Employees Leaving Vacation Time on the Table

 
 
By Dennis McCafferty  |  Posted 05-14-2014 Email
 
 
 
 
 
 
 
 
 
  • Previous
    Wasted Days
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    Wasted Days

    75% of employees don't use up all of their vacation time, and 55% take no more than one-half of their earned time off.
  • Previous
    Multitasking
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    Multitasking

    61% of employees admit that they do some work even while taking time off.
  • Previous
    Why Employees Work While on Vacation: Uniquely Qualified
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    Why Employees Work While on Vacation: Uniquely Qualified

    33% feel no one else in their company can do the work.
  • Previous
    Why Employees Work While on Vacation: Keeping Pace
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    Why Employees Work While on Vacation: Keeping Pace

    28% fear they'll get behind.
  • Previous
    Why Employees Work While on Vacation: Fully Committed
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    Why Employees Work While on Vacation: Fully Committed

    22% say they're completely dedicated to their company.
  • Previous
    Why Employees Work While on Vacation: Upward Bound
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    Why Employees Work While on Vacation: Upward Bound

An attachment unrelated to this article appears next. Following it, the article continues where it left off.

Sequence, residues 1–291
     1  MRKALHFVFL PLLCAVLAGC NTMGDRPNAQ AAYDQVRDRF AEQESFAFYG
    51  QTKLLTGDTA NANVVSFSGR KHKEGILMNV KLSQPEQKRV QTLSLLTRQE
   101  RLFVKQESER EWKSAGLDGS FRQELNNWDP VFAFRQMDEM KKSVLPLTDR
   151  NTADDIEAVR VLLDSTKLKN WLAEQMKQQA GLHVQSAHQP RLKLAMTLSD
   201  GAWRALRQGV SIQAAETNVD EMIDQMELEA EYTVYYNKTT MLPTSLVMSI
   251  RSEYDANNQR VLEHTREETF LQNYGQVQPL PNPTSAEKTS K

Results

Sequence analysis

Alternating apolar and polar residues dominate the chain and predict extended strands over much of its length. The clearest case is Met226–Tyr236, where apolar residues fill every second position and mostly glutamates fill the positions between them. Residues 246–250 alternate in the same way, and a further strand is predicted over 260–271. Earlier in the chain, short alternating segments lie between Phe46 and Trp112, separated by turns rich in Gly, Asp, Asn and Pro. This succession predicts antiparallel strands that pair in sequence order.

19% want a promotion.
  • Previous
    Why Employees Work While on Vacation: Access Needed
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    Why Employees Work While on Vacation: Access Needed

    19% feel like they can't disconnect from work.
  • Previous
    Why Employees Work While on Vacation: Compensating Effort
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    Why Employees Work While on Vacation: Compensating Effort

    18% want a pay raise.
  • Previous
    Why Employees Work While on Vacation: Uneasy Footing
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    Why Employees Work While on Vacation: Uneasy Footing

    17% admit they're afraid of losing their jobs.
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    Moving Forward
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    Moving Forward

    11% say they've used vacation time to interview for another job.
 

If you suspect that your IT teams aren't using all of their earned time off, you'll probably right. The vast majority of U.S. employees don't take all of their vacation time, and a stunningly high percentage are leaving at least half of their earned days on the table, according to recent survey results from Glassdoor. What's driving this trend? It's a combination of job pressures, an overall inability to disconnect and a high sense of accountability and personal responsibility. In fact, a surprising percent of professionals honestly believe that no one else in the office can do their jobs, findings reveal. And this means they feel compelled to work while taking leave time. It doesn't help that—even when attempting to get away—that they can't really get away. In fact, one in four indicate that they've been contacted by colleagues about a work-related matter while taking time off, and one-fifth say they were contacted by a boss. As a CIO, you should definitely resist the temptation to put pressures on employees while they're on vacation, as numerous studies indicate that workers need these breaks to rejuvenate, which ultimately benefits their annual productivity, well-being and engagement levels. More than 2,000 U.S. workers took part in the survey, conducted online by Harris Interactive on behalf of Glassdoor. For more about the survey, click here.

 
 
 
 
 
Dennis McCafferty is a freelance writer for Baseline Magazine.

 
 
 
 
 
 

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